Privacy Commissioner John Edwards has come out against the government's plan to require community groups to hand over clients' private details if they want state funding.
The policy will kick in from July for most community agencies seeking state funding.
The new arrangement has already come into effect for budgeting advisors. Sexual violence groups have been given a year's reprieve after they argued it could scare off people from coming forward.
Mr Edwards launched an inquiry into the policy in January and released his findings today, warning the plan was "excessive [and] disproportionate to government's legitimate need," making it "inconsistent with the principles of the Privacy Act".
Mr Edwards said the policy meant those most in need could be deterred from seeking help because of fear their details would not stay private.
People might also provide incorrect information or stay away from seeking help at all, which would hurt people and result in "skewed or incomplete" data being collected, he said.
The report also criticised the Ministry for Social Development, saying it had executed the policy "prematurely" without considering privacy risks.
"Nor has it taken sufficient time to understand the full range of concerns of those affected," the report said.
Mr Edwards recommended Statistics New Zealand take responsibility for collection and analysis of the data. He also suggested allowing clients to provide anonymised information or in some cases to opt out altogether.
That would reduce the "perverse incentive" for people to provide false information and would ensure the data was "more accurate and useful," he said.
Labour MP Carmel Sepuloni said the report proved the government had been irresponsible and negligent.
"It's been really ad hoc ... they have forced it onto social services despite protest ... and now we're told that this would deter people from actually accessing the support."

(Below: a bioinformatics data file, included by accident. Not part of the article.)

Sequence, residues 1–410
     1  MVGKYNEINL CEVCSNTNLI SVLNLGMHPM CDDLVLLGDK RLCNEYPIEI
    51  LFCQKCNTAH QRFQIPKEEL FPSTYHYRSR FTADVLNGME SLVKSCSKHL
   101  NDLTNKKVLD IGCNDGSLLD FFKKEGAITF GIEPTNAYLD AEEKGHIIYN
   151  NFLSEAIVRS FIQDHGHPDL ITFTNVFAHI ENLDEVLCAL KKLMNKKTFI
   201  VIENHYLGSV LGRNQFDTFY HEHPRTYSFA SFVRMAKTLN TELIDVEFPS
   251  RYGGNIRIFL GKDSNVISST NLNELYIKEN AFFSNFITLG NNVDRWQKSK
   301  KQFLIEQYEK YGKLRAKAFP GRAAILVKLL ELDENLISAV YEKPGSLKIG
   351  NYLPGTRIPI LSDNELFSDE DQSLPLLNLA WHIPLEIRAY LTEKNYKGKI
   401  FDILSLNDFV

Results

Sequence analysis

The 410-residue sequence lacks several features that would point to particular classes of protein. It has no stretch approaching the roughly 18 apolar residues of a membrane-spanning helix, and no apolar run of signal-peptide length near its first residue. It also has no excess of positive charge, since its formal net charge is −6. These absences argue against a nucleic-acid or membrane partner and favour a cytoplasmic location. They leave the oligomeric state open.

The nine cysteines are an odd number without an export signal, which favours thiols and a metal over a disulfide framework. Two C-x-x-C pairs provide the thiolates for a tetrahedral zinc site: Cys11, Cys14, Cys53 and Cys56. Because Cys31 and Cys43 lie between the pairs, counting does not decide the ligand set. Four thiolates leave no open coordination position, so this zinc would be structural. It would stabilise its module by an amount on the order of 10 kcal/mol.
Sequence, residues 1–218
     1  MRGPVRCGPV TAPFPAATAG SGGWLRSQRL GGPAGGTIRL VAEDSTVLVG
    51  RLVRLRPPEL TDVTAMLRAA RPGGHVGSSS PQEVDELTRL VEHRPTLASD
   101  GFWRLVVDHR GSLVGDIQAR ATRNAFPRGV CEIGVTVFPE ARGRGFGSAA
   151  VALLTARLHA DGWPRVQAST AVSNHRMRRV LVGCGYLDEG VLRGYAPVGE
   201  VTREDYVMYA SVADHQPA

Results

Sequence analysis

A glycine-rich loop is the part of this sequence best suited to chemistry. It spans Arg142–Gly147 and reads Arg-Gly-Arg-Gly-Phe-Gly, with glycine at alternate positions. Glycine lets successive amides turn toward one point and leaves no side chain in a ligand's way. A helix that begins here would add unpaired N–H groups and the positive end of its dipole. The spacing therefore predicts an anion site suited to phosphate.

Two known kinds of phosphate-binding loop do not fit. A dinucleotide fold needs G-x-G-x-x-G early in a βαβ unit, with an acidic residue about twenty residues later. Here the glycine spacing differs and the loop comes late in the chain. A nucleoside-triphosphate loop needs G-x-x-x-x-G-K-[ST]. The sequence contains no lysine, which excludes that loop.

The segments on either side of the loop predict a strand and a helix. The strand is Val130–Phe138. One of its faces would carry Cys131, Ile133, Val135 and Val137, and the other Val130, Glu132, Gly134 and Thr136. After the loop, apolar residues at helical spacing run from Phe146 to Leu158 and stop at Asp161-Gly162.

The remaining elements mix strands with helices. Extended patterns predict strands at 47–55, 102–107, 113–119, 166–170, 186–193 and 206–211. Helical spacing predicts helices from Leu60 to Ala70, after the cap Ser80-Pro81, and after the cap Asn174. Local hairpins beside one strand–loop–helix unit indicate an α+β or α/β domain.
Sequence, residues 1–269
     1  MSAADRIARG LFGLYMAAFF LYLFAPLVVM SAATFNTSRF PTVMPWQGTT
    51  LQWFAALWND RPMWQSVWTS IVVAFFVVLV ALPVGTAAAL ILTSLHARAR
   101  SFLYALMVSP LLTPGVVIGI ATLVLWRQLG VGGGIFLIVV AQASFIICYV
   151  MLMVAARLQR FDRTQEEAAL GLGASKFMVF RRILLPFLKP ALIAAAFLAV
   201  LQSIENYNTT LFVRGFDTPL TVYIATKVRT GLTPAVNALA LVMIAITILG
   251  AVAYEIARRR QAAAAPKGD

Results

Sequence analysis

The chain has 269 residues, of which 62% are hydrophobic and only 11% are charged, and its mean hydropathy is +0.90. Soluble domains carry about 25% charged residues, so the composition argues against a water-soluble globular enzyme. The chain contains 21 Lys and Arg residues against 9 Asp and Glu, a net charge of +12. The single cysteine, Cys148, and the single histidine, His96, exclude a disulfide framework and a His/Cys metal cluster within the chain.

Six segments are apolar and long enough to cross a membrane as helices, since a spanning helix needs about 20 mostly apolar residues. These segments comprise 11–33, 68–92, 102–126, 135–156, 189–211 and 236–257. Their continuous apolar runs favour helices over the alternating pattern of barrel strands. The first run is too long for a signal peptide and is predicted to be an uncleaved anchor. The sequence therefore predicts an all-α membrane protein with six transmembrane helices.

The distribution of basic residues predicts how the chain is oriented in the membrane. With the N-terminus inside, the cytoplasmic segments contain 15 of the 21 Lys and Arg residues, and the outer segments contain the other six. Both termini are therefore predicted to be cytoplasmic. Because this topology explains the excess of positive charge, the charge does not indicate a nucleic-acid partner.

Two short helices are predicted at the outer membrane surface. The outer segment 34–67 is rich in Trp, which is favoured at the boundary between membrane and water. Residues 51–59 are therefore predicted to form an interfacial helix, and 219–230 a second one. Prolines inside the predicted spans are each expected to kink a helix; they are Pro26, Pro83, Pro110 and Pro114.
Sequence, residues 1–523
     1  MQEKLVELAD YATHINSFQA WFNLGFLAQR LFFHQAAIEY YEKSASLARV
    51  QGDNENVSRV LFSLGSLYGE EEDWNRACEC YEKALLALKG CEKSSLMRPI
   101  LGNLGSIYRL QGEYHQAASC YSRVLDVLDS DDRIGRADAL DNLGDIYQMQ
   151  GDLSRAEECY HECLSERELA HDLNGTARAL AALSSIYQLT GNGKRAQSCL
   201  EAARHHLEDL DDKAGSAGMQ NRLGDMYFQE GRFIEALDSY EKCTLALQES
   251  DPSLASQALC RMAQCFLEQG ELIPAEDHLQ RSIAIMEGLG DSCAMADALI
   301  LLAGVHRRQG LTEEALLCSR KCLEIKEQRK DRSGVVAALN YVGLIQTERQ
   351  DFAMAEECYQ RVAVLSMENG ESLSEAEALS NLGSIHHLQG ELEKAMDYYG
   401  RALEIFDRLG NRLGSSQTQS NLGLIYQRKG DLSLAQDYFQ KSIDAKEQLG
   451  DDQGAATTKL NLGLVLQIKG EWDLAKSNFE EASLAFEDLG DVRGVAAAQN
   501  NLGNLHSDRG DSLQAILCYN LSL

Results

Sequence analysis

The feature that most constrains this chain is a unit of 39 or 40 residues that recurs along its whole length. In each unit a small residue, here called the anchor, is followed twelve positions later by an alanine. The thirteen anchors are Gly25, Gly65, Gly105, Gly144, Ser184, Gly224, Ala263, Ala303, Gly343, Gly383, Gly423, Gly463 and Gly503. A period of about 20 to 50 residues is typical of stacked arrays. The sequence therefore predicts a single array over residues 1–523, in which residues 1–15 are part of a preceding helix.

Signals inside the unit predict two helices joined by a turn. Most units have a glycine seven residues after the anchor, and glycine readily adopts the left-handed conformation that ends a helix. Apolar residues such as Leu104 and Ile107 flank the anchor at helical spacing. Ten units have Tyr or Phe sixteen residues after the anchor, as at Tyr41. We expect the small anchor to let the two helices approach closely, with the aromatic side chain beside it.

The government needed to take the report seriously, she said.
"We've seen in the past where the government have ignored the privacy commissioner's recommendation. They can't do that in this instance because there will be long-term costs to us as a country.
Green Party spokesperson Jan Logie said the commissioner's findings showed the sector was right to be worried.
"It's been an absolute disaster. This raised red flags immediately for everyone working in the industry ... and the government refused to listen to them."
It was the second major blow to the project in as many days after the government revealed yesterday it had shut down an IT system linked to the policy because of a data breach.
Social Development Minister Anne Tolley said the current system for collecting clients' data was not up to scratch.
"A provider was able to get access to another provider's folder. Fortunately there was nothing in it. We've shut the whole thing down."
She has asked officials to develop and test an entirely new system.
"If I can't guarantee [that people's privacy is protected] then we'll have to put things on hold and do it differently. We've got to get it right."
But Ms Sepuloni said the breach was a prime example of why the policy needed to be scrapped altogether.
"Actually, the report points out that one of the considerations has to be the security of how information is held.
"It's interesting that the report comes out today and just yesterday we see a pretty serious breach of confidentiality."